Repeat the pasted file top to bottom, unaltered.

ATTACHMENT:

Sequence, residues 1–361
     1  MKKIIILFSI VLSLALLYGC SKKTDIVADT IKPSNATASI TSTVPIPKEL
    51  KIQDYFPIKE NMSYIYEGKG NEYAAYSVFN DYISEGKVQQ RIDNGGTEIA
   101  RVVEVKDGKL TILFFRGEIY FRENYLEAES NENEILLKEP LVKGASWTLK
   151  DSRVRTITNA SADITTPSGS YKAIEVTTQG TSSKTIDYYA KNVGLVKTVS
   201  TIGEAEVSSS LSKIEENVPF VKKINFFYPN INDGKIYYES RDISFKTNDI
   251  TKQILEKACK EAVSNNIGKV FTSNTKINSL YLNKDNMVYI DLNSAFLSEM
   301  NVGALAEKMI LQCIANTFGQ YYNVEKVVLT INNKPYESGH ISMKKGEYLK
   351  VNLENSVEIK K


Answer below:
Sequence, residues 1–361
     1  MKKIIILFSI VLSLALLYGC SKKTDIVADT IKPSNATASI TSTVPIPKEL
    51  KIQDYFPIKE NMSYIYEGKG NEYAAYSVFN DYISEGKVQQ RIDNGGTEIA
   101  RVVEVKDGKL TILFFRGEIY FRENYLEAES NENEILLKEP LVKGASWTLK
   151  DSRVRTITNA SADITTPSGS YKAIEVTTQG TSSKTIDYYA KNVGLVKTVS
   201  TIGEAEVSSS LSKIEENVPF VKKINFFYPN INDGKIYYES RDISFKTNDI
   251  TKQILEKACK EAVSNNIGKV FTSNTKINSL YLNKDNMVYI DLNSAFLSEM
   301  NVGALAEKMI LQCIANTFGQ YYNVEKVVLT INNKPYESGH ISMKKGEYLK
   351  VNLENSVEIK K